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Nebulisation of surfactants in an animal model of neonatal respiratory distress
  1. Tai Fai Foka,
  2. Mazen Al-Essaa,
  3. Myrna Dolovichb,
  4. Farid Rasidc,
  5. Haresh Kirpalania
  1. aDepartment of Paediatrics, bDepartment of Medicine, cDepartment of Nuclear Medicine McMaster University Medical Centre, Hamilton, Ontario, Canada
  1. Dr H Kirpalani Department of Paediatrics McMaster University 1200 Main Street West Hamilton, Ontario, Canada L8N 3Z5.


AIMS To evaluate pulmonary deposition and gas exchange following nebulisation of two surfactants by either a jet or an ultrasonic nebuliser.

METHOD After bronchoalveolar lavage (BAL), 19 rabbits were ventilated in four groups. Group A1 (n=5) and A2 (n=6) received Technetium-99m labelled Exosurf, and groups B1 (n=4) and B2 (n=4) received radiolabelled Survanta. Groups A1 and B1 received jet nebuliser therapy, whereas groups A2 and B2 received ultrasonic nebuliser. Pulmonary deposition, distribution, and blood gases were determined.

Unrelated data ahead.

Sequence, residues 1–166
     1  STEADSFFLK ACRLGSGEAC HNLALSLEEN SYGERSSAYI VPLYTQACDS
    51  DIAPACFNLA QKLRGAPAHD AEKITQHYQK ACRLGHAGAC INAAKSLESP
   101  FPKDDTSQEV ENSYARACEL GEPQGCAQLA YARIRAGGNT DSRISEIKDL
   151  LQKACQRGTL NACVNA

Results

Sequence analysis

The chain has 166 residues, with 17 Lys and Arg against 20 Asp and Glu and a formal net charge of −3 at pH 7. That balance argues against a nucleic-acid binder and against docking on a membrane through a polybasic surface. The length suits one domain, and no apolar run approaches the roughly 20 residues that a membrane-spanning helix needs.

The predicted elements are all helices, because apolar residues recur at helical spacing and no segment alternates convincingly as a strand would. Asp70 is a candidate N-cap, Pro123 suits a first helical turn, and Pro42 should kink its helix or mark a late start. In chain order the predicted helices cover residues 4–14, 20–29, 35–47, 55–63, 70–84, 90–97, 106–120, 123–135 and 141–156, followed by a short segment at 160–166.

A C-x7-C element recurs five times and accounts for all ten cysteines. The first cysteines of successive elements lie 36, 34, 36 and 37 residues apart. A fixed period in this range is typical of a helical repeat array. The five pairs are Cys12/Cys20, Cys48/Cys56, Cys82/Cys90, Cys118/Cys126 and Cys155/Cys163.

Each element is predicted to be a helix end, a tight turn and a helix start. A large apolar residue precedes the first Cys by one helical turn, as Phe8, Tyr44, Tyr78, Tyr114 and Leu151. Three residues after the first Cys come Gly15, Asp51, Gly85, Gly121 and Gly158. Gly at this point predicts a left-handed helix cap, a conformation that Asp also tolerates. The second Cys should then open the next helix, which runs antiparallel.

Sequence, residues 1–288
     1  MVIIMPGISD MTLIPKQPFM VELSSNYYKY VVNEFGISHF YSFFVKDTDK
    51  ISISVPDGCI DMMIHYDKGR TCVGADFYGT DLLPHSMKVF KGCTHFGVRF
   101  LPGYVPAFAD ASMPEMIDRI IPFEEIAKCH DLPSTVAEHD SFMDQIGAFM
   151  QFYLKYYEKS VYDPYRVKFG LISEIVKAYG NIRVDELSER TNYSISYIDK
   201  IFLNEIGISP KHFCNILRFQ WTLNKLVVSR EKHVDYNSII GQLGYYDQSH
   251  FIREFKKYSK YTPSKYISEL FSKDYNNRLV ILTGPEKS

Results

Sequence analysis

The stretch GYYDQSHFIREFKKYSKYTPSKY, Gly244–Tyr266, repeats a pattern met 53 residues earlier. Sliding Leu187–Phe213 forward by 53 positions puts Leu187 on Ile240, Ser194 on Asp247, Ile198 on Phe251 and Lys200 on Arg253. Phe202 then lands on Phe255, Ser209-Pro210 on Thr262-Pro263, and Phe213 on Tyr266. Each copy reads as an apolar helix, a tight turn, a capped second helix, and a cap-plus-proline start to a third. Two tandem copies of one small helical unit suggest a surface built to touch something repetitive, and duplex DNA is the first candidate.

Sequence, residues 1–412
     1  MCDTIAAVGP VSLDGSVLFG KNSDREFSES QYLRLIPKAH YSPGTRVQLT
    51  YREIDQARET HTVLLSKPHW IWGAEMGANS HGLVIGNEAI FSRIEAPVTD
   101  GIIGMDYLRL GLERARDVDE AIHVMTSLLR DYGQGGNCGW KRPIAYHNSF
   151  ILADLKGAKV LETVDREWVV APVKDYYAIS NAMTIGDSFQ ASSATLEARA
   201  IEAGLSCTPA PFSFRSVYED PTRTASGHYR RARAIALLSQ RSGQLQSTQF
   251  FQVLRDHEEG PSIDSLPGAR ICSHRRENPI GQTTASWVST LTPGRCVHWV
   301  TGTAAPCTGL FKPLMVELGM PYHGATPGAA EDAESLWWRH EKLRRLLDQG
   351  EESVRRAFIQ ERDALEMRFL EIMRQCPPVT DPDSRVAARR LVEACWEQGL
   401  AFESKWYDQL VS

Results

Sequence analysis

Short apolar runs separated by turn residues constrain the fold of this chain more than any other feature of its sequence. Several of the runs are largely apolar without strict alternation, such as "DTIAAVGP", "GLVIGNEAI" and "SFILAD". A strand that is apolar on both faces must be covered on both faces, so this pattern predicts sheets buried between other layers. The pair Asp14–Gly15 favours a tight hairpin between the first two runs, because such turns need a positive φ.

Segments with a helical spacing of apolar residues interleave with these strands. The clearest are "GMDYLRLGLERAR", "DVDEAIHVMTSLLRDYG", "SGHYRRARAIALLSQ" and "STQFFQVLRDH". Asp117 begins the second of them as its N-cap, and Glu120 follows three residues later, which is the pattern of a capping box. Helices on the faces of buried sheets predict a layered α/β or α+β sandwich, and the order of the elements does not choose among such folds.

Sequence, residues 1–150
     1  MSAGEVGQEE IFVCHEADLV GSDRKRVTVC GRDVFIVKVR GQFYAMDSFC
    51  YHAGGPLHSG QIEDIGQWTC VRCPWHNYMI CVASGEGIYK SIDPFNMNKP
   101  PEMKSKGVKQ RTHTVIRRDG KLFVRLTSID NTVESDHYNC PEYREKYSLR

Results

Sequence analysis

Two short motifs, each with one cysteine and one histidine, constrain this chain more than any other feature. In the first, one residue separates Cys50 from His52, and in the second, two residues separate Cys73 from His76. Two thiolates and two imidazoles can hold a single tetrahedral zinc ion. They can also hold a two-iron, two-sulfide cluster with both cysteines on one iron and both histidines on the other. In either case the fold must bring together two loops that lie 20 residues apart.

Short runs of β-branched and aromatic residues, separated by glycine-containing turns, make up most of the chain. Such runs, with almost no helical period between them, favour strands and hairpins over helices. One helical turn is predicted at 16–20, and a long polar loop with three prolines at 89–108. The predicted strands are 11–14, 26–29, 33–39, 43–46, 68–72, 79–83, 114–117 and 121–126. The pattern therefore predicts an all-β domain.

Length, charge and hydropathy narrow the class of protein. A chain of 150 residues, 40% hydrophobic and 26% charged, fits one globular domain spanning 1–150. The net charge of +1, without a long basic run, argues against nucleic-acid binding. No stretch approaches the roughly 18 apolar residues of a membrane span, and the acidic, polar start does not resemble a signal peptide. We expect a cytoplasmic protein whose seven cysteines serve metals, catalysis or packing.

RESULTS Pulmonary deposition as per cent of initial dose and mg lipid) was 0.28(0.10)% or 0.59(0.21) mg in group A1, 1.05(0.23)% or 2.21(0.48) mg in group A2, 0.08(0.02)% or 0.30(0.08) mg in group B1, and 0.09(0.02)% or 0.34(0.08) mg in group B2. Deposition in group A2 was greater than in other groups (p= 0.001). Group A2 showed a small improvement in blood gases.

CONCLUSIONS Even the highest deposition—ultrasonic nebuliser witosurf—achieved limited clinical effect. The aerosol route is currently not effective for surfactant treatment.

  • surfactant
  • nebuliser
  • respiratory distress syndrome
  • rabbits

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